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U.S. Government Shutdown Drives Down Product Recalls


Stericycle Expert Solutions’ Recall Index shows halted safety inspections reduced U.S. recall activity across all industries in the first quarter of 2019

Indianapolis, IN – May 7, 2019 – Product recalls declined significantly across all industries for the first time since at least 2012, according to the first quarter 2019 Recall Index released today by Stericycle Expert Solutions (NASDAQ: SRCL). The declines were largely due to reduced oversight from the government shutdown earlier this year which stopped or limited many government safety inspections for food, pharmaceutical, automotive, medical device, and consumer products, the industries tracked in the Stericycle Recall Index. When the shutdown ended at the end of January, it took several more weeks for the regulatory agencies to ramp safety inspections back up to normal levels.

“While it’s usually good news for consumers when recall rates decline, the Q1 2019 numbers are misleading,” said Chris Harvey, Director of Recall Solutions at Stericycle Expert Solutions. “Fewer inspections mean more potentially dangerous products entered the market unnoticed during this period, which could also have an impact in the months ahead. Having a recall plan in place could never be more important as we track the repercussions.”

Consumer Product Recalls Hit 12-Year Low
The consumer products industry saw significant decreases across the board including the number of recalls, the volume of recalled units, and the number of reported incidents. There were 39 product recalls in Q1 – a 43.5 percent decrease – while recalled units decreased 67.3 percent to 1.8 million. Both of these totals are the lowest quarter since at least 1997.

Electronics were the top consumer product category for recalled units, while the main hazard was fire. Fire has been the top hazard for both the number of recalls and recalled units for four of the last five quarters.

Airbag Headaches Continue
National Highway Traffic Safety Administration (NHTSA) recalls decreased 6.8 percent to 205, which is higher than four of the last seven quarters. However, the number of units increased 387.4 percent to just over 24 million – the highest quarter since Q2 2016.

Faulty airbags continue to impact recall rates, with airbags and service brakes tied as the top cause for recalls at 12.2 percent each. Airbags were the top recall category for recalled units at 73.6 percent. The last time any automotive category comprised that high of a percentage was Q1 2017, when nearly three-quarters of all recalled units were airbags.
Automobiles accounted for 91.7 percent of recalls and 52.1 percent of recalled units. Nearly 80 percent of automobiles recalled (based on VINs) were from just five auto makers.

Manufacturing Woes Impact Drug Recalls
Pharmaceutical recalls decreased 7.8 percent to 94, and recalled units decreased 75.3 percent to just under 13 million – lower than six of the last nine quarters.

Failed specifications and deviations from current Good Manufacturing Practices (cGMPs) drove drug recall activity in Q1. For the 11th consecutive quarter, failed specifications were the top cause of pharmaceutical recalls, while cGMP deviation was the top cause for recalled units.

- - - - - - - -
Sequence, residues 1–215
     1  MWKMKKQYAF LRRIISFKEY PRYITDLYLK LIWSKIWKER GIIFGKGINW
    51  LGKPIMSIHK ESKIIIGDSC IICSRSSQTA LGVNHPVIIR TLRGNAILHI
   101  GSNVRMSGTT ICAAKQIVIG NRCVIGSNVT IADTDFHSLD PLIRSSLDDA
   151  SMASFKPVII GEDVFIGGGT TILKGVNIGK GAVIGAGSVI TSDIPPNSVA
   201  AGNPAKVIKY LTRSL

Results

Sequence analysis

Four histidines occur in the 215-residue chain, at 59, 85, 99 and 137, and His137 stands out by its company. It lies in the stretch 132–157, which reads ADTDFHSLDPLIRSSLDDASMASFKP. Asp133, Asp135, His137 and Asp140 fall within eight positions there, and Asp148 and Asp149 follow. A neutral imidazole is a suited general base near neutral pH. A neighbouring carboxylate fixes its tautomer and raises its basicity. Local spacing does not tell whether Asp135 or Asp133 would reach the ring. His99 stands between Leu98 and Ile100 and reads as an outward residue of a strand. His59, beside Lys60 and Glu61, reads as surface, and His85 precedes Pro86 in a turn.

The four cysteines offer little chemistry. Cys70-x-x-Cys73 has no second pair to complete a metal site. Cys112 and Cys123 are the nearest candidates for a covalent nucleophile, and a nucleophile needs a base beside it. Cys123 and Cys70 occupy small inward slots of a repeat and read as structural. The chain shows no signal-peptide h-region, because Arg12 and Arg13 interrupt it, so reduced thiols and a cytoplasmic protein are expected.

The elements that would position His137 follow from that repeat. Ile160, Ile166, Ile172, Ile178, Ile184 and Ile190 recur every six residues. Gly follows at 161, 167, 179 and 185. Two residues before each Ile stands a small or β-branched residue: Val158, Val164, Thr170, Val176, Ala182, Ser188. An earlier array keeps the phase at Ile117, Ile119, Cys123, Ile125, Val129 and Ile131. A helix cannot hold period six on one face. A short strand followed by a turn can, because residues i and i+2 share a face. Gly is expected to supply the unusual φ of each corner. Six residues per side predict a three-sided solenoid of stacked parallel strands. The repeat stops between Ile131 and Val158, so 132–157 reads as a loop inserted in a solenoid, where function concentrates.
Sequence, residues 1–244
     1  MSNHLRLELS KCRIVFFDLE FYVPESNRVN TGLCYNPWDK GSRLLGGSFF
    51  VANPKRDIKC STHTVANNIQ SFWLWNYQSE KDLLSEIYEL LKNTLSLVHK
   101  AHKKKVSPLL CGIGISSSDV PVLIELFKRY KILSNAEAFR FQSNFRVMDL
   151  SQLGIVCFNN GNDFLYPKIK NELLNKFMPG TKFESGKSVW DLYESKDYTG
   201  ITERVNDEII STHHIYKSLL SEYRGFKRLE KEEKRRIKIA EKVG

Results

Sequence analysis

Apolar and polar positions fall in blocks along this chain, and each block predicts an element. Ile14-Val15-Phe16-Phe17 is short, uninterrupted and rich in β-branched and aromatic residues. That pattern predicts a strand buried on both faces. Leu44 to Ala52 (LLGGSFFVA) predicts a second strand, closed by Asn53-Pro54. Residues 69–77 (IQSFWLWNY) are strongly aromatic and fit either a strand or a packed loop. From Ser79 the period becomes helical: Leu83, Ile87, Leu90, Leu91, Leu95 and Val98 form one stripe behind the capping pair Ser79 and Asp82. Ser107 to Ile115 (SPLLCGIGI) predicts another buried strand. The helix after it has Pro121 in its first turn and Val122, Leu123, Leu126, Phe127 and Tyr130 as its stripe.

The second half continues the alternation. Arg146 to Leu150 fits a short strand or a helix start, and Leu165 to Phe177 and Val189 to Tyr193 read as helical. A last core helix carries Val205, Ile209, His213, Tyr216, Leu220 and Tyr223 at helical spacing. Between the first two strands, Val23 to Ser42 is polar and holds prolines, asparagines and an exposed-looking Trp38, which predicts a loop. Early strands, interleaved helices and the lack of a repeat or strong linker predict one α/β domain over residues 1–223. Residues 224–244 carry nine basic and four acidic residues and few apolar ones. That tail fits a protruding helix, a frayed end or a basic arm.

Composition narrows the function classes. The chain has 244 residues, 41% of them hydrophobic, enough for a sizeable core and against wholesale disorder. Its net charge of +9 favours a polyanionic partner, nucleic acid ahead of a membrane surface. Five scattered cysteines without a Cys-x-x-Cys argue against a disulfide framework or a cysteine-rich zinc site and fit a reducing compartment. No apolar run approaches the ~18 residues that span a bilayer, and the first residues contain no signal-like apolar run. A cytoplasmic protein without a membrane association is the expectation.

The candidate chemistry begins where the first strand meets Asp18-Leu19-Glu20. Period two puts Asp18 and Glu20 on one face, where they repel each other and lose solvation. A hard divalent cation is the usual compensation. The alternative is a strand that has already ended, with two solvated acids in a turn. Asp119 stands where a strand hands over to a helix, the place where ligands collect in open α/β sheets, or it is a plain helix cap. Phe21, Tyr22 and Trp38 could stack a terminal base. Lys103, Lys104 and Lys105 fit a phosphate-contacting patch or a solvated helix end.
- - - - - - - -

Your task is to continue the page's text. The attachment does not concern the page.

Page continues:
Some pharmaceutical companies experienced multiple recalls in Q1 2019. Four drug makers reported at least five recalls each in the quarter – the highest number since Q3 2013.

Medical Device Maladies
Medical device recalls decreased 41.4 percent to 164, which is the lowest since Q4 2017. Recalled units decreased 16.2 percent to just under 135 million devices. More significantly, there were more than one million Class I units recalled for the third consecutive quarter. Class I devices pose the greatest risk to the public.

Quality issues were the top cause of recalled units at 51.2 percent. This is the first time quality issues were the top cause since Q3 2016. The average medical device recall impacted 823,126 units, making it the highest quarter since 2006.

Look Before You Cook
Food and Drug Administration (FDA) recalls fell 36.5 percent to 99 – the lowest quarter since Q1 2016. Recalled FDA food units increased 67.2 percent to 79 million, which is higher than four of the previous five quarters. For meat and seafood products, United States Department of Agriculture (USDA) recalls decreased 7.1 percent to 39, while total pounds of food decreased 91.6 percent to just over 1.4 million.

The report found that plastics continue to infiltrate the food supply. Foreign materials in food were the top cause of USDA recalled pounds at 37.9 percent, with plastic, the most common foreign material, being found in 40 percent of the foreign material recalled pounds.

Under the FDA’s watch, undeclared allergens were the top cause of both FDA recalls (38.4 percent) and recalled food units (98.1 percent). More than 17 percent of FDA recalls were products distributed nationwide – the second highest since Q4 2016.

The full Q1 2019 Recall Index is available at

For media inquiries, contact:
Jeff Aubin, Brodeur Partners

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